Since I do this for a living, my advice is take it to a professional cabinetmaker/restorer. To do it right takes alot of knowledge and the right tools. BTW, the price raife1 quoted is really cheap (as in good deal) for all that work, I would charge considerably more.
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    "Polk" Paul DiComo

    Thanks for the nod. I have a question for you or your fellow Polk experts. I would like to know how to remove the top and bottom oak veneered end caps on my 2.3TL's. I would also like to remove the cloth covered side panels. My reason for asking is that I want to re-veneer the end caps in cherry and I need to replace the cloth material as it has some damage (damn cat!!!). I really don't want to do the veneer work with the end caps in place as this increases possible damage to the drivers. I would be deeply grateful for any help with this.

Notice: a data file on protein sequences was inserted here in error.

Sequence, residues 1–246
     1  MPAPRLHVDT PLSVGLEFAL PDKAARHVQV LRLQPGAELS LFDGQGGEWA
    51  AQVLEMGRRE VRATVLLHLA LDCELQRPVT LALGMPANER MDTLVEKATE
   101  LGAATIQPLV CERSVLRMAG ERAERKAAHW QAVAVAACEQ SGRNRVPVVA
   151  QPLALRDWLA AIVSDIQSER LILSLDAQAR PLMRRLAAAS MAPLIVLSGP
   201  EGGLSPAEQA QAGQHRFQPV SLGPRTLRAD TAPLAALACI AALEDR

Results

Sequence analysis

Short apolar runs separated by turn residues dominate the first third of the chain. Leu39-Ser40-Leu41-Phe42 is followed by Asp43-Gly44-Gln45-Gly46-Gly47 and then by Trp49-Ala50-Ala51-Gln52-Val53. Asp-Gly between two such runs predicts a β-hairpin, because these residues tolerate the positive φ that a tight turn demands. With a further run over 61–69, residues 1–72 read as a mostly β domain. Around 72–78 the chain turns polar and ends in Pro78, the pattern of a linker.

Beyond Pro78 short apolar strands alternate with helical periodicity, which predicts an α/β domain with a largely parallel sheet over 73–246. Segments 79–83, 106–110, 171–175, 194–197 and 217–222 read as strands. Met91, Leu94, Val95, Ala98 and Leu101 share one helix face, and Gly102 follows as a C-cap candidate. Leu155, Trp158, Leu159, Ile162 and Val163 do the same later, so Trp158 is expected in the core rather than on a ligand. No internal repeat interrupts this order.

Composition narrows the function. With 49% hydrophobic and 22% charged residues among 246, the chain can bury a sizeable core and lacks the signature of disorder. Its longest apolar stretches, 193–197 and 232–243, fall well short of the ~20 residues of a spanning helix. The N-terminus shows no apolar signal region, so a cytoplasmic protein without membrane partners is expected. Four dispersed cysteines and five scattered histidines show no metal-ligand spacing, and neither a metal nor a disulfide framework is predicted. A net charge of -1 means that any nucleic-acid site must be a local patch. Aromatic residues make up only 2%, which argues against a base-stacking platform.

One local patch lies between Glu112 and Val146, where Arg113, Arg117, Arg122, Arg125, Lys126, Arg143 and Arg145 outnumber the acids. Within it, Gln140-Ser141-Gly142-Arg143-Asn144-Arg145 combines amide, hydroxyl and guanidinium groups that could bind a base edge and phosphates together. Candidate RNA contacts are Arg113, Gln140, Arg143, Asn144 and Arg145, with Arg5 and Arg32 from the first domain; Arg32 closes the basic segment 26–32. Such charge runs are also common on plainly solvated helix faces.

Jesse
    aka F1nut
    'Political Correctness'.........defined

    "A doctrine fostered by a delusional, illogical minority and rabidly promoted by an unscrupulous mainstream media, which holds forth the proposition that it is entirely possible to pick up a turd by the clean end."

  29. #29
    Polk-a-dweeb
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    Try listening to the title track on the Shadowfax CD "Shadowdance" and "Brown Rice". Talk about a full sound stage and imaging, you'll be amazed. I've had this CD for about 14-15 years and was amazed that it sounded better than ever on my lsi7's. I wish the #%^^# 15's would get here!
    9/11 - WE WILL NEVER FORGET!! (<---<<click)
    2005-06 Club Polk Football Pool Champion!! :D

  30. #30

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    F1nut

    I think there are 4 screws inside the cab's that screw into the caps to hold them in place.....This is what I have heard and the side panels are glued on....
    Oh, the bottle has been to me, my closes friend, my worse enemy!